Where's my special girly foot deodorant, with a lotus flower and the promise of becoming a feminine super-heroine on the package?

Over the years I have learned about how to make this problem less onerous, mostly through trial and error (read: embarrassment and humiliation), but also by talking to other relatives gifted with this trait. Natural fibers for socks only. Rotate shoes often—never wear a pair more than two days in a row. Look for foot deodorizing powders that don't cake or stain. Wear crocs as slippers, as they aren't as toasty (read: sweaty) as fuzzy varieties. Look for words like "wicking" in all foot-related purchases. Think like a man, because the girly stuff is pretty, but it meets none of the critical hygiene requirements.

Because my feet run hot like the engine of a sports car, they are sweaty quickly. You'd think that getting my feet even more wet, with precipitation, for example, would make things better, not worse, as it would wash some of the sweat away. Nope. I've learned I must never, under any circumstance, get my feet wet inside my shoes (yes, my feet are a bit like gremlins,) lest I want my shoes to become tiny steam engines billowing death-spray. Back in the nineties, when I was at my first real job, and wearing the clunky, chunky leather shoes that were as popular as the "Rachel" haircut, I learned what can happen when my prone-to-stink feet get wet in my shoes during an outing with my coworkers. We were running on Connecticut Avenue to get to the car, the appointment, the meeting—I don't remember—but my big leather shoes were submerged in a puddle. On the ride home, with five people crammed in a colleague's cramped Toyota, people started to wonder WHO HAD DIED in the car. Was there a rodent decomposing in the vents? A corpse hidden in the trunk? I was too young and embarrassed to admit it was just my feet, but I could join them in opening windows and breathing as little as possible.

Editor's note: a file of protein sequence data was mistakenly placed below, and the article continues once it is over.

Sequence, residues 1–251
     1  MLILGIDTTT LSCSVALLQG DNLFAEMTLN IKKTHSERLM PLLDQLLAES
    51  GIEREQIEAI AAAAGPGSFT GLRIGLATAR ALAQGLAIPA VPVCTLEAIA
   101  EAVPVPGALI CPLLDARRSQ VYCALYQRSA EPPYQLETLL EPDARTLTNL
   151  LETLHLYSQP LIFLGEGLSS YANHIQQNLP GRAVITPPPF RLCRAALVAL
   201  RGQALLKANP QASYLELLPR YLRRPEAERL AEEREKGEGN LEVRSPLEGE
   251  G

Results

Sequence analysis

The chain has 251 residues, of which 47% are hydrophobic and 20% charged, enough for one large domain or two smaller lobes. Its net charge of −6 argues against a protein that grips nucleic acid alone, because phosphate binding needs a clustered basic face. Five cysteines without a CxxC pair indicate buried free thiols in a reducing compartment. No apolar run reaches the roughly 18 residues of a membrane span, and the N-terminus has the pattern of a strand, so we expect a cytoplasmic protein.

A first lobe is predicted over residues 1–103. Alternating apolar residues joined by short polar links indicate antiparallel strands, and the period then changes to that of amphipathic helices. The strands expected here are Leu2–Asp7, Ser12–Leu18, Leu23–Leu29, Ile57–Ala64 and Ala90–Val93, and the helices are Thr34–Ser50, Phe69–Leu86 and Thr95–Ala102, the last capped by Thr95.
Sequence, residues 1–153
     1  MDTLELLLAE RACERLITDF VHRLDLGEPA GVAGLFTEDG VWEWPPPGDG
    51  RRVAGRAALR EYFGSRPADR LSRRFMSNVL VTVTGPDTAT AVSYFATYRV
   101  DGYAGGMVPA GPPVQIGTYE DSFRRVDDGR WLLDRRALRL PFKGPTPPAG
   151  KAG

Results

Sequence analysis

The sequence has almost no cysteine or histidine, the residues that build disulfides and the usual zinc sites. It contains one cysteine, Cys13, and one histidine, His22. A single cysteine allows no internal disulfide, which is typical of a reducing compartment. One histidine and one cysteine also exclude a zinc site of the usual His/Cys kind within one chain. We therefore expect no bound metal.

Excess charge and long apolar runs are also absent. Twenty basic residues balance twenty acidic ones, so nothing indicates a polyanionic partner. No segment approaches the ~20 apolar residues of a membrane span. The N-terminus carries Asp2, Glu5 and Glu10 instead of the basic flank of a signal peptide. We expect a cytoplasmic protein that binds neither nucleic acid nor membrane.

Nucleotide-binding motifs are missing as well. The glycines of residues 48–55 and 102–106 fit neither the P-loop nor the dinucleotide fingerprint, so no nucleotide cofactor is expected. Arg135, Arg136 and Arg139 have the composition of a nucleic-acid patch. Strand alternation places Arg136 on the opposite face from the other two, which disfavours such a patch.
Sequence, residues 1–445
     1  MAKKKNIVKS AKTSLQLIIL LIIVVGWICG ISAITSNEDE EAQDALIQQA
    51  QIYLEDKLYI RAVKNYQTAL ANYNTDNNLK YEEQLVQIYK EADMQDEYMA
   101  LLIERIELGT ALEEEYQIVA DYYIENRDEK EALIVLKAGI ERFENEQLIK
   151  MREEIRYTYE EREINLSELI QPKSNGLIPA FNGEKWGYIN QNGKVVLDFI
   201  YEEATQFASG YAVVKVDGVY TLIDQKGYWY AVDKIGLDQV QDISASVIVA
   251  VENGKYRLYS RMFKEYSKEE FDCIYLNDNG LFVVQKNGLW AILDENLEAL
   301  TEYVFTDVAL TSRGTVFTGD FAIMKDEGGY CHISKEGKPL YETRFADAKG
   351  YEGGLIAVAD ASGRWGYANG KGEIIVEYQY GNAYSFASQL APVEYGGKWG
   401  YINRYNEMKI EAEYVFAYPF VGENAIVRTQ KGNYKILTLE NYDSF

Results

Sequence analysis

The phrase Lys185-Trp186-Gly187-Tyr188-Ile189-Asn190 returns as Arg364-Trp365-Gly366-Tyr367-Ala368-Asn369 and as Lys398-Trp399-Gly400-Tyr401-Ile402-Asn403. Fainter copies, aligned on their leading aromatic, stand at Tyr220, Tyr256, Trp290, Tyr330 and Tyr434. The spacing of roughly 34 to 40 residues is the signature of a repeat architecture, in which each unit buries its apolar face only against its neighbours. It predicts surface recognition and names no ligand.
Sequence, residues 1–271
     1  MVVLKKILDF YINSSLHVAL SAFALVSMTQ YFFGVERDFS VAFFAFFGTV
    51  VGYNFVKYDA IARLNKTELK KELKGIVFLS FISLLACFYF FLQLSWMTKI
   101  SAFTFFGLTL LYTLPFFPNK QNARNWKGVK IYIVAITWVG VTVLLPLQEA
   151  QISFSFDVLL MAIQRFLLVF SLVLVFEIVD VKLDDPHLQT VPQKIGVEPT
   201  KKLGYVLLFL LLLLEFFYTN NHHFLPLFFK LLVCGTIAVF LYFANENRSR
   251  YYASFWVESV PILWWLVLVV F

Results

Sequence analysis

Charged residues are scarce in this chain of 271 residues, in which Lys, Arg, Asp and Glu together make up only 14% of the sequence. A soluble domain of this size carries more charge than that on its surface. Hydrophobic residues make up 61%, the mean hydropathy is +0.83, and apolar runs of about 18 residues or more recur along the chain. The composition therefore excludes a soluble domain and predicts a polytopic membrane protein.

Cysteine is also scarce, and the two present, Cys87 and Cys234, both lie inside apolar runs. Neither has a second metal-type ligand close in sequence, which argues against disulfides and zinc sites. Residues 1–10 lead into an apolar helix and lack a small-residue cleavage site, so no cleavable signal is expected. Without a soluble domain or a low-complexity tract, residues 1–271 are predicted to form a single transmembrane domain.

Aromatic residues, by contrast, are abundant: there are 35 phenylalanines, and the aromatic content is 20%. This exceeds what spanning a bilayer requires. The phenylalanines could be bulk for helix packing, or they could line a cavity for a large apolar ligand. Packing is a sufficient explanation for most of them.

Winter is always tricky for me, as I don't have three pairs of boots to swap around, and boots, in general, are too warm for my feet. Boots with really good treads, so that I don't spend the entire season falling on my keister, can often have polyester nightmare fillings, turning swamp feet into tiny kilns. (Need to fire that mug you've been working on in pottery class? Stick it in my boot!) Winter is also the season of constantly battling wetness in the shoes, either by getting snow inside my boots outside (rare), or getting slush on my socks while taking off my boots once inside, thus activating my least glamorous scent. Everywhere you go in the winter, taking off your shoes is a must, and I have to admit, whenever I show up at someone's house and I must take my boots off before going inside, I gulp and pray that I won't be in for a smelly surprise to share with the crowd.

This winter has presented a new kind of challenge. It has been so cold, with no break, for so long, that for the first time in a very long time, my feet are getting cold. Really cold. Cold enough to take out the fuzzy slippers that I was given as a Christmas present years ago, but never wear because they make my ankles and arches boil within five minutes. I am now in uncharted territory, trying to constantly swap between foot-gear that keeps me from smelling like a monster, and cozier items that keep my toes from falling off.

So, friends, if I show up at your place this February, and you suspect that the stench may be rising (mixed with lavender to dampen the blow), I apologize in advance. I'm fighting it the best I can, I promise. If I make it through the winter without frostbite on my extremities, I promise to wear breezy no-smell sandals without socks for as long as I possibly can.

Hang in there, stinkers. The groundhog says you have to work overtime.